Wayan and her husband, Ketut Rauh, are a husband and wife team who spend their days collecting and processing salt, which they gather directly from the Lembongan Straits.
This is real back breaking work for Ketut, as he wanders down to the sea to fill his buckets with salt water, struggling back across the sand with close to 100 kilos resting on his tired shoulders, in very hot conditions.
Rain is a curse for the salt farmers of Kusumba as it washes away the salt, so they work desperately hard during the dry season to produce enough bags of salt to make ends meet.
As Wayan does not have a license and no way to produce the money required to purchase one, she is restricted to selling her produce at the local market. A reasonable size bag fetches $1, plus she has to pay a small fee to the owner of the market stall, leaving very little profit at the end of a hard day’s work.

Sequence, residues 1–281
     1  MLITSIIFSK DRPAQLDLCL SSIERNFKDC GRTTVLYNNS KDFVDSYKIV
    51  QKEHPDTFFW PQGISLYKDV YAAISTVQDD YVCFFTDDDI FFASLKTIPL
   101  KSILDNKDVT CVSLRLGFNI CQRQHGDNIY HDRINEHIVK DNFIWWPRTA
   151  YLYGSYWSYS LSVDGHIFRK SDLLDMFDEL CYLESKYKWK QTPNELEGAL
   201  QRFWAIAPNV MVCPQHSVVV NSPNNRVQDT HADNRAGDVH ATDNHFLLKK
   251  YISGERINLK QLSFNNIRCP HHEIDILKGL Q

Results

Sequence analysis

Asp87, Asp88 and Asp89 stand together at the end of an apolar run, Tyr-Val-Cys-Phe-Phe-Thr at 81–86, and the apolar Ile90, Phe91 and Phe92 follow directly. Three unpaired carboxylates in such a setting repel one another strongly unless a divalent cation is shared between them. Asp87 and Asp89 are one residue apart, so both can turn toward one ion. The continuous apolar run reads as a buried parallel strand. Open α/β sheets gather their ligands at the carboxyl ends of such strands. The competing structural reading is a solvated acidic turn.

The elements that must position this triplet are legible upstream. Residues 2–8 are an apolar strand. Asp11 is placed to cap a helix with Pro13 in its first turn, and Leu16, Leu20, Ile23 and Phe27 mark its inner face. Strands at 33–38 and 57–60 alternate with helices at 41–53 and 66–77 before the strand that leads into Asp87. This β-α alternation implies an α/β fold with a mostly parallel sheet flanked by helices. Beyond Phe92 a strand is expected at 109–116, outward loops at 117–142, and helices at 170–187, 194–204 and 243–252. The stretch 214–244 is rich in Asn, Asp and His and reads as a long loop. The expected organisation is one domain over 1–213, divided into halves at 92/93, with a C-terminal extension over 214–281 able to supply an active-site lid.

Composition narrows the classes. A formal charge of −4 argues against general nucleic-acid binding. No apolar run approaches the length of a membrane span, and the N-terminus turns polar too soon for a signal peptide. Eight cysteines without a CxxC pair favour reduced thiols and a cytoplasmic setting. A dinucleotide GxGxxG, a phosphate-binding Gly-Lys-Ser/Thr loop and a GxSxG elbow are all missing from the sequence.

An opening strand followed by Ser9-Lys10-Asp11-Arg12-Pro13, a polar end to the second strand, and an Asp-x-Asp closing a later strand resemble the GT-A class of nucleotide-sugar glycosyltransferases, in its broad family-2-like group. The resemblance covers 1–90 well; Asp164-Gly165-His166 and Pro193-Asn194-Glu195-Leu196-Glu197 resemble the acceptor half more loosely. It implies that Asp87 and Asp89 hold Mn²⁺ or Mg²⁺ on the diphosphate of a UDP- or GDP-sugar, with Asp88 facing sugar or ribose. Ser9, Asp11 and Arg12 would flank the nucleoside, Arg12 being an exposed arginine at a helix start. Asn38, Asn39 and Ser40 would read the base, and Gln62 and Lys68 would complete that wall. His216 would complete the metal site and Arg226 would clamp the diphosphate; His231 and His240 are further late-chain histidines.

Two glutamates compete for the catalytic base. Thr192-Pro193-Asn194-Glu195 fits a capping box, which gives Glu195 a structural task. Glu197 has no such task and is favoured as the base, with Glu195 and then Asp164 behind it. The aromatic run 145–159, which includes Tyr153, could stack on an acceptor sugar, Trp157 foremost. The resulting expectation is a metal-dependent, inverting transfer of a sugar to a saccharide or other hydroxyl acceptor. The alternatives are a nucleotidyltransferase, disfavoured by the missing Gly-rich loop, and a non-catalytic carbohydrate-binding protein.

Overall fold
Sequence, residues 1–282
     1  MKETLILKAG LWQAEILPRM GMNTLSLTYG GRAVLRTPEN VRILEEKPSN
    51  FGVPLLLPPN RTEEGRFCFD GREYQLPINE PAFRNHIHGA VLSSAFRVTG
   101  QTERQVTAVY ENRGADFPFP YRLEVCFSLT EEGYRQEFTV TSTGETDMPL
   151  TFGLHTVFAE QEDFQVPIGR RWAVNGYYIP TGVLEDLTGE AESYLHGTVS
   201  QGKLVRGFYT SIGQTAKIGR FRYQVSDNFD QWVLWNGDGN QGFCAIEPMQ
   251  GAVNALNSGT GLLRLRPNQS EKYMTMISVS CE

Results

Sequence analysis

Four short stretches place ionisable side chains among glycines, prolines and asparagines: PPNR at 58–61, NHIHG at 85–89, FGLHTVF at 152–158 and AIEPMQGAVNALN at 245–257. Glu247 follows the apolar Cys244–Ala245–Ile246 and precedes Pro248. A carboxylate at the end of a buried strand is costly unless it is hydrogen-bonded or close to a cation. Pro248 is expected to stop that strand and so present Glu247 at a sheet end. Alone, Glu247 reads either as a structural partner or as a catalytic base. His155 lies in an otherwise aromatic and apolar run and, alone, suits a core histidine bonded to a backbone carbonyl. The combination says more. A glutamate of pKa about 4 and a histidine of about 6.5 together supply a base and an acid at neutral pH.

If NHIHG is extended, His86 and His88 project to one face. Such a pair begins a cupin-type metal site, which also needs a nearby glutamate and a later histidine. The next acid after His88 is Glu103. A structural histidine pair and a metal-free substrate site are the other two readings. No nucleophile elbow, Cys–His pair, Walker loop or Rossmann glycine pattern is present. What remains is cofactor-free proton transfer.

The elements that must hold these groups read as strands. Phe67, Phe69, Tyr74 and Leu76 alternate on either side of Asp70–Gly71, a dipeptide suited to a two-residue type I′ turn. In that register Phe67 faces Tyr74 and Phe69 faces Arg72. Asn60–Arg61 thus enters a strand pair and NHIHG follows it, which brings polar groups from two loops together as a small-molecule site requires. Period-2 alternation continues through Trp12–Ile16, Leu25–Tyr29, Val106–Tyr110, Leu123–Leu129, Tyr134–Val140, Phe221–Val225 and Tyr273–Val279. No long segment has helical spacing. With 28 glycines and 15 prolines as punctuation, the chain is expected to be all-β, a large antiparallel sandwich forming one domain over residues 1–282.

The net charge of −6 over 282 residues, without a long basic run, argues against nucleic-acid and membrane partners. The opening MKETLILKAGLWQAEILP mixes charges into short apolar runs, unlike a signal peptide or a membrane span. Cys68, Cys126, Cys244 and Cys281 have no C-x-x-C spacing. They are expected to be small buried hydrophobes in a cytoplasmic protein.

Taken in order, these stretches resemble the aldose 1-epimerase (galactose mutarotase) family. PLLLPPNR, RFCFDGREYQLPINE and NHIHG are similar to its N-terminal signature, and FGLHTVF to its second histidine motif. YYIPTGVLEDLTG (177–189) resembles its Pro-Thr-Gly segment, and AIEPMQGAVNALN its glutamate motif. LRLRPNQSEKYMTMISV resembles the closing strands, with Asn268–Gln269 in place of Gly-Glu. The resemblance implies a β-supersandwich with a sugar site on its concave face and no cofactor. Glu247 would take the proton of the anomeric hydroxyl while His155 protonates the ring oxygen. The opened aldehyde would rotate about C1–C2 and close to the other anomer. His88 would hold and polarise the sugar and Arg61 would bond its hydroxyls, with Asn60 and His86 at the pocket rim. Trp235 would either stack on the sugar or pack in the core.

However, despite these hardships, Wayan impressed me deeply with her positive outlook on life, lovely warm smile and pride in her work.
Wayan and Ketut were very keen to tell me of their latest family news. Wayan beamed with pride, as she told me her son had just secured a job in Denpasar. She went on to tell me how they saw this as a great opportunity for him to create a life away from the beaches of Kusumba and hopefully enable him to provide an education for his children.
So, if you are anywhere near Kusumba, drop in and visit Wayan. You will be welcomed with a friendly smile and a short tour of her and Ketut’s salt production. Oh, and don’t forget to buy a few bags of salt, it’s straight from the source and as fresh as you’ll ever get.
If you want to help Wayan and her fellow salt farmers please get in touch with the writer at email@example.com